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Kidney problem

Species: dog | Category: medical-surgical | Submitted: 28 October 2010 10:05AM | viewed 79715 times
Q Joanna asks:

Hi. I moved to Holland recently with my 11 year old dog (she's a mongrel rescue dog). She recently stopped eating and has lost about 1.5kg weight (now weighs 11kg). The vet took blood tests last Monday which showed that the levels of toxin in her blood were very high. Last week she was on a drip for 4 days and antibiotic injections and the levels began to drop. The vet also took x-rays but there were no stones or blockages. They thought at first it was chronic kidney disease but part of the blood test made them unsure. She also had blood in her urine. After consulting with a specialist they thought it may be an infection and continued antibiotics. We just went back for a check up after 5 days at home (also on antibiotic injections) and there is still blood in her urine and the levels of toxins in blood are very high (CREA 484 umoll and UREA 50.0 mmoll). The vet is surprised the dog is not sicker (she is lethargic and still not eating well but no vomiting). He has said that the prognosis is not good and that I should consider having her put down. We could do an ECHO test but he thinks that will be academic rather than providing a solution to the problem. I would really like some advice. I have had dogs before and I realise that she is getting old and at some point this is inevitable. However, I would like to be sure that there is nothing else worth trying - particularly as there is a slight language barrier for me here. I also feel I can't put her down whilst she is OK in herself - but I dont want her to be uncomfortable. Really grateful for any advice Jo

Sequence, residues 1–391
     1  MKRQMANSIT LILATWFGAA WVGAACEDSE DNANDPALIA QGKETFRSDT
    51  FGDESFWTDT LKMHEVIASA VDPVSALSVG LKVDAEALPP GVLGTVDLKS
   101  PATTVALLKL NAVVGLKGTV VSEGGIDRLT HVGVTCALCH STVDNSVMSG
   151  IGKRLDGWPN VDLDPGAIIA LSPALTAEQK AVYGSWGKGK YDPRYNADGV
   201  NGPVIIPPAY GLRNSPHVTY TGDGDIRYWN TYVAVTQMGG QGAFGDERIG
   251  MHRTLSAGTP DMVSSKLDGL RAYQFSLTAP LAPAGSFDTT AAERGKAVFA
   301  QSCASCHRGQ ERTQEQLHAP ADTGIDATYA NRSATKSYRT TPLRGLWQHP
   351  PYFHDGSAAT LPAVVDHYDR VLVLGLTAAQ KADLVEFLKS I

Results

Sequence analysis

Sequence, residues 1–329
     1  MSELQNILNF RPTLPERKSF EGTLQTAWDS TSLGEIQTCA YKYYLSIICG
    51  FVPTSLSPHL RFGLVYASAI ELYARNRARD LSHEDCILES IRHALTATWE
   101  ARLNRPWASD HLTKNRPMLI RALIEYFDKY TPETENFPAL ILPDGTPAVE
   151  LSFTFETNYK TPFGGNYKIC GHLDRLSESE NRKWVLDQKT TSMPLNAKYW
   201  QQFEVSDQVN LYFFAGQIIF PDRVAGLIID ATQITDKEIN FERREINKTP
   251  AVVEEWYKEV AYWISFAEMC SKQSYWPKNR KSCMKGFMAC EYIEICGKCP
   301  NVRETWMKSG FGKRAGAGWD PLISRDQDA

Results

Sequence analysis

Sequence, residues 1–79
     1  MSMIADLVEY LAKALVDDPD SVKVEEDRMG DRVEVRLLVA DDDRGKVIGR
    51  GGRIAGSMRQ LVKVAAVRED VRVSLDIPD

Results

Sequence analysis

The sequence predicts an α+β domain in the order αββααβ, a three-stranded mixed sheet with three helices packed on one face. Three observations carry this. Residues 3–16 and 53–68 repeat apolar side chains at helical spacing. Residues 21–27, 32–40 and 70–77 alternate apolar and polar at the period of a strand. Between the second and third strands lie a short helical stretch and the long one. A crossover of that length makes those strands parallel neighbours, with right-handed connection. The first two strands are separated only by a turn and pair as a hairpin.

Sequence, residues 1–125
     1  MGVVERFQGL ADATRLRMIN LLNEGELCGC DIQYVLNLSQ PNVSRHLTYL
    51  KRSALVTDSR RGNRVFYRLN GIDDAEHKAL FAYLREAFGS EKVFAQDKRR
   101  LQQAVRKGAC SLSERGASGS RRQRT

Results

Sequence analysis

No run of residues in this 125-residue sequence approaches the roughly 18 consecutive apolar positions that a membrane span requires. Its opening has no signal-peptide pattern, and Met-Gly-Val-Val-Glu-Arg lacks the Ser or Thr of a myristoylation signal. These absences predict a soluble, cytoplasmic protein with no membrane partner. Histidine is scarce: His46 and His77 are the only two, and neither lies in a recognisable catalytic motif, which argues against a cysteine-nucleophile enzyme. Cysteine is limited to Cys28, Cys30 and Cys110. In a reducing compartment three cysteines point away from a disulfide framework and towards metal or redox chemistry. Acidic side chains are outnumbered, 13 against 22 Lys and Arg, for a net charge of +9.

Q Our vet says: Sorry to hear about your dog's illness. Sadly, kidney disease is something which is fairly common in older pets and once the kidney cells have been damaged they do not regenerate.

The cause of the problem is not clear- but if infection is part of the problem then the antibiotics may help. The levels of urea and creatinine you mention are high, but if the cause is a treatable infection then they may come down as the infection comes under control. If this occurs and your dog's condition improves then supportive care will be necessary with a diet suitable for renal problems and adequate hydration.

It is obviously impossible for me to comment on your pet's prognosis, however from what you have told me I believe that your vet is correct that the prognosis is poor.

It is important to remember that dogs can be very good at hiding how unwell they are- although there is no vomiting the lethargy and lack of appetite you mention could indicate that your dog is feeling sick and chronic nausea is very unpleasant.

If the condition cannot be controlled in the very near future then euthanasia may sadly be the kindest option. It is an awful decision to make but it is also the greatest gift we can give our pets under some circumstances.

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